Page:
7) The potetnital at a point in space has a certain value, not zero. Is the electric potential energy the same for every charge that is placed at that point? Explain

    *It is the same. The value of the point does not matter.

    8) If the speed of sound depended on its frequency, would you enjoy the music if you sat far away from the second balcony? Why not?
     
  2. jcsd
  3. Apr 4, 2004 #2

    Hurkyl

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    Well, we have no idea what you've thought or tried for most of these problems, so how can we help you? Could you post your thoughts on all of them so far?
     
  4. Apr 4, 2004 #3

    Janitor

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    Your answer to #2 is correct. :smile:

    Keep trying on #7. :eek:
     
  5. Apr 5, 2004 #4
    3) What's the question?

    4) Do you know the formula that gives the time period of a simple pendulum?

    5) Write down the equations that will give you the electric field at the empty corner, and see what kind of values for q1, q2 and q3 will give you zero.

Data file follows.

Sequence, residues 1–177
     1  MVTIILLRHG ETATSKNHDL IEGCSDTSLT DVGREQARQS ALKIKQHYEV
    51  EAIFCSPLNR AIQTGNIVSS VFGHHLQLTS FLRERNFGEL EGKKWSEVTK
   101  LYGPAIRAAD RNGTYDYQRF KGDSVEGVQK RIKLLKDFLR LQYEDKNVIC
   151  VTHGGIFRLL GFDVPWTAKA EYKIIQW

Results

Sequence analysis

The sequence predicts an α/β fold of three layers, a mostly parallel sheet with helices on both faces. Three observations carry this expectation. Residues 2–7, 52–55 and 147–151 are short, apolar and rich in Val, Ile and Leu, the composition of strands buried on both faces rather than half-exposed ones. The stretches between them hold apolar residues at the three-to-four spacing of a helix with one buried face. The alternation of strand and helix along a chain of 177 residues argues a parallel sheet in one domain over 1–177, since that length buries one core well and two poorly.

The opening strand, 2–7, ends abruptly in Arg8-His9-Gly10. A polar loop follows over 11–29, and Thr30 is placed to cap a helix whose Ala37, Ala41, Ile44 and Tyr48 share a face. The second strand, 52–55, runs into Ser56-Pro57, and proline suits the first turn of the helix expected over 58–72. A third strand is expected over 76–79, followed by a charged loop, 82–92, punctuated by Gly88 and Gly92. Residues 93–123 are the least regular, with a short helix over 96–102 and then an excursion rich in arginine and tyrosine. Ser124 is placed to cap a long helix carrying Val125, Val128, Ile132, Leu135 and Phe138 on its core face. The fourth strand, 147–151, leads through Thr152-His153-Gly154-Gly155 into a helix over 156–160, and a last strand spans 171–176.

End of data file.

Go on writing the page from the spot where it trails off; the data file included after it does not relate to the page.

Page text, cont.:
6) What is the electric force that the drop is experiencing, as a result of the electric field? What must be the magnitute of its charge, and its sign, for the electric force to completely cancel the weight of the drop (mg)?

    7) What is the expression of potential electric energy? Does it depend on the charge of the particle you examine, or not?
     
  6. Apr 5, 2004 #5
    3) Sorry!! **A human ear cannot hear sound at a frequency of 100 kHz or a sound at 102 kHz. But, if you walk into a room in which two sources are emitting sound at 100 kHz and at 102khz, you'll hear sound. Explain why this is possible.

    *Has to do with the two frequencies combining? (No idea sorry :confused: )

    4) I know that the formula is:

    T = 2p ([ L / g] )^1/2

    so in the next one im solving for L:

    L = [(T^2)(g)]/(2p)